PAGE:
Ah, 1995. What a year that was. The year I was pointed towards the world-wide web.
The joy of writing ‘stuff’ in a text editor and sticking it on a Unix-based web server or loading it locally into Mosaic. And then wondering if anyone else was building web sites (or ‘websites’ as they’re now called). So along came search engines, which soon turned into portals, the wannabe gateways to the web. Lycos, Excite, AltaVista. Remember them?
Some individuals had their own areas of cyberspace, usually as part of their University employer’s site, in which they could indulge themselves, promote their own agendas and make lists of recommended sites you should really visit. And thus was the blogroll born.
Wind forward 23 years and a bit year, and the ‘ting’ seems to have gone from ‘computing’1.
I don’t think I’ve ever had a blogroll on my site; I’m pretty sure that my Other Things page doesn’t count. And if I did I wouldn’t have called it a blogroll, but it would have had a link to Stephen Waddington’s site.
Wadds recently posed the question “Where have all the bloggers gone?” and the answer to me, in part, is that they haven’t gone anywhere; it’s just that they’ve become indolent. These days, if Google can’t find you in the first eight links you might as well not exist. Why go to the effort of building your brand in your own space when you can quite happily be a voice among millions on LinkedIn, or Facebook, or some other site that Google regularly indexes?
I have my own site because I don’t want anyone else owning my content, and I don’t see why you should have to sign up to a service to read anything I write. Or any photographs I take. If I did audio and video they’d be available here and only here (unless I had a jolly good reason otherwise).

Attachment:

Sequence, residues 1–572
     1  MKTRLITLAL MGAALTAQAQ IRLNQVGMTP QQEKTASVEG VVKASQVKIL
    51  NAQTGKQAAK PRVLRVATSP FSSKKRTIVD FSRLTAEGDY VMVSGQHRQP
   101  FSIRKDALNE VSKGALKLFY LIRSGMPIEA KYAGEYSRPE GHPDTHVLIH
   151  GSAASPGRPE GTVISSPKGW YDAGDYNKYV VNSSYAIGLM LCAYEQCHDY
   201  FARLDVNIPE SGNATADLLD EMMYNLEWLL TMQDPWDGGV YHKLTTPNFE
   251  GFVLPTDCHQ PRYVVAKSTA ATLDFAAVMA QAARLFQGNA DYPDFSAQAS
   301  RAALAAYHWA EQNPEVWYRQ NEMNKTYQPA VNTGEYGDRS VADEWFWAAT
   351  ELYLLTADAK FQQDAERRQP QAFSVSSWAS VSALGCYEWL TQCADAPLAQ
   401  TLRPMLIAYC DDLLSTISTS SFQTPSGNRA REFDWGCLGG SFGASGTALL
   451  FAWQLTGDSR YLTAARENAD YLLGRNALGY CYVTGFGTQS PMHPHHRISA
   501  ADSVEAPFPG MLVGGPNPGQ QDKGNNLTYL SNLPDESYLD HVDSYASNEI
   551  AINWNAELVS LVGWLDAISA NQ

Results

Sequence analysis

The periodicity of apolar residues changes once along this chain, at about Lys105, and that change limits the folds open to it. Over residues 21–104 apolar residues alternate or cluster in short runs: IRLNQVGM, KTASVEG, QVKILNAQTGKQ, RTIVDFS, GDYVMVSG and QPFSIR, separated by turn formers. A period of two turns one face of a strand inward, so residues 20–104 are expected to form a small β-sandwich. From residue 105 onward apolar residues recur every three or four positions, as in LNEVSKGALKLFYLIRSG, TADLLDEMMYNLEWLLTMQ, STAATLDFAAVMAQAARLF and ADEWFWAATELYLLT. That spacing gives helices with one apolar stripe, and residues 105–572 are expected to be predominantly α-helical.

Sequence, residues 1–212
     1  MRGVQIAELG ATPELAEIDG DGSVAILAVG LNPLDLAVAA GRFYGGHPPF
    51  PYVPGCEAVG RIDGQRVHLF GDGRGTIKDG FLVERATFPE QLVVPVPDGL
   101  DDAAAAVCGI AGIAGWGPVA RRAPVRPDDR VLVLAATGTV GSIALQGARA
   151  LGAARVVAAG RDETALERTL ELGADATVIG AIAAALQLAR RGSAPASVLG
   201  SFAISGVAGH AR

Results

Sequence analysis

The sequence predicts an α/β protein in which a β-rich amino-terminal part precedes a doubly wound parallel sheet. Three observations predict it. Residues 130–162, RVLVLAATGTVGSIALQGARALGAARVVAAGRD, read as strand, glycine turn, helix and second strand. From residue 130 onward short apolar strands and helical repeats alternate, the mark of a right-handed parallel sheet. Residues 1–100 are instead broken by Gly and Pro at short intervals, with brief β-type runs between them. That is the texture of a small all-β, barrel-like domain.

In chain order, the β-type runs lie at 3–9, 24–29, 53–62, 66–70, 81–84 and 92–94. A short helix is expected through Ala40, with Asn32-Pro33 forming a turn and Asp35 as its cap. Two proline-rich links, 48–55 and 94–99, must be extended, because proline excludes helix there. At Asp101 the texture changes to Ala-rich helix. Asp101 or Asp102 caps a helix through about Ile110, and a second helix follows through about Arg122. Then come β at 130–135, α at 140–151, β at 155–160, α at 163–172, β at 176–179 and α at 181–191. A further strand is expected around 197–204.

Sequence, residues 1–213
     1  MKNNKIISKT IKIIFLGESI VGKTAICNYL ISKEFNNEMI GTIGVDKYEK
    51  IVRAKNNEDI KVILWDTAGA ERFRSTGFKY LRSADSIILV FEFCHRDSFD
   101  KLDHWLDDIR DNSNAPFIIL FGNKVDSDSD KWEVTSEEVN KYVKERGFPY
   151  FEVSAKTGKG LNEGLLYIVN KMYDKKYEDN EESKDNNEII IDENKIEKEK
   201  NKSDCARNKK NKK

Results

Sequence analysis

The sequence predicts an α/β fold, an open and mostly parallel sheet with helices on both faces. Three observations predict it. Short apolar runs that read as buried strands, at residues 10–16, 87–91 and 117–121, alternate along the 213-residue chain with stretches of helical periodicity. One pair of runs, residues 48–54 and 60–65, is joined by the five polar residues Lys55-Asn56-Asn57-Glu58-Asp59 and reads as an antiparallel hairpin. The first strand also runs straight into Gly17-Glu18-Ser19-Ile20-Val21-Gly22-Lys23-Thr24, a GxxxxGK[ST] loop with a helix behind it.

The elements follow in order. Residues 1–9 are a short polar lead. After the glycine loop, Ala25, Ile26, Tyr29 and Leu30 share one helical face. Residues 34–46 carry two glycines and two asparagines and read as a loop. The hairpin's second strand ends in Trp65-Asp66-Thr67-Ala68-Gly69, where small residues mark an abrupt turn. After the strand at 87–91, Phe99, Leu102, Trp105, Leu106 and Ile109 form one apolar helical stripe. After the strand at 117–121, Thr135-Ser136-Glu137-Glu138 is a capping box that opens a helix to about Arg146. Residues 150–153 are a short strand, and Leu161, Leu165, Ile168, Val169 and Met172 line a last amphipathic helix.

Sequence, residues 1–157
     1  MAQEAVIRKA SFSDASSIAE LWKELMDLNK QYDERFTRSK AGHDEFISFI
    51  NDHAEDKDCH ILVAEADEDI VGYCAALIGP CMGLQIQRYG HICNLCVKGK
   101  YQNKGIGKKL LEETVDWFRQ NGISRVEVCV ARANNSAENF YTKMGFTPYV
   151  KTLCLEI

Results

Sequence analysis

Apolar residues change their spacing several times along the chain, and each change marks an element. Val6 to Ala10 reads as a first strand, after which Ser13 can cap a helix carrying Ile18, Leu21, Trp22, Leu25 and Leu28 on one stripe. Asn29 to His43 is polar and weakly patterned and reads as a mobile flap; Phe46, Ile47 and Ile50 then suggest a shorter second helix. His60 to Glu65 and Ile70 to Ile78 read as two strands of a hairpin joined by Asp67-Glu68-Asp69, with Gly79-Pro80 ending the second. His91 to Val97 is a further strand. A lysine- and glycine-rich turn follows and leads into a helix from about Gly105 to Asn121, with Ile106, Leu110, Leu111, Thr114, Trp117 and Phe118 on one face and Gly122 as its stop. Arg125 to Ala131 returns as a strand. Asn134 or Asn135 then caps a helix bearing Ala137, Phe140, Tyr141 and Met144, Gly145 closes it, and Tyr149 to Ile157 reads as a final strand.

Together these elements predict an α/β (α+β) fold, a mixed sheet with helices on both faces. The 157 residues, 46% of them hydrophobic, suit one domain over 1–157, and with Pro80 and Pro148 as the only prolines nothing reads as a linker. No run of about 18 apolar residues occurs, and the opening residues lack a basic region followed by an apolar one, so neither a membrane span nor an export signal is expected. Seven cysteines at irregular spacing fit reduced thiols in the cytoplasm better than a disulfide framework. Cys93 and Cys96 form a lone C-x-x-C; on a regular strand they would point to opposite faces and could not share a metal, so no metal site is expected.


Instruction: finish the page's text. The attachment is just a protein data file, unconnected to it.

But any comments you might have on that content could appear on Twitter or LinkedIn where I cross-promote, which helps dilute the conversation. That’s not so bad for me, as I only write because I feel like it. In the last 12-plus years my content has attracted seven comments. Five came from the same person, one was a response I made. It can make life harder if you’re trying to track engagement or build an audience though.
On a couple of occasions I’ve written a smaller version for LinkedIn and directed readers here, rather than just share a link to my site. That would work better if I wrote more generally.
Apart from its therapeutic nature, writing here is a great way for me to marshal my thoughts which means I’m practicing a workplace skill2 . When I tweet I’m practicing the same skill, just in fewer characters. Either way it’s my content.
What we lose in not having blogrolls is a sense of curation, curiosity and recommendation. If I post on LinkedIn it does not automatically follow that all my connections are recommendations (sorry, LinkedIn connections), and it’s not as if they all long-form post. Let’s be honest, it’s mostly shares of other content. But as Wadds points out, for PR people there’s PR Place and their weekly roundup (and accompanying tweets) on who is writing what.
Which, perhaps, is the greatest problem with blogrolls – they are static. Back in the day, lists would appear but were then rarely checked to see if the sites pointed to still existed. PR Place is a living blogroll, a bit like a curated RSS feed. In part that’s why my RSS feed link at the top (or on the menu, if viewing on a mobile device) only shows my latest public relations posts – it makes like easier for anyone subscribing.
Ironically, this site is running a self-hosted version of WordPress (version 5.0.3 as I write). WordPress is blogging software (don’t believe the CMS hype). They took out the Links option in version 3.5, way back in 2012. If even the world’s most popular single blogging software doesn’t allow an out-of-the-box blogroll, what chance do they have?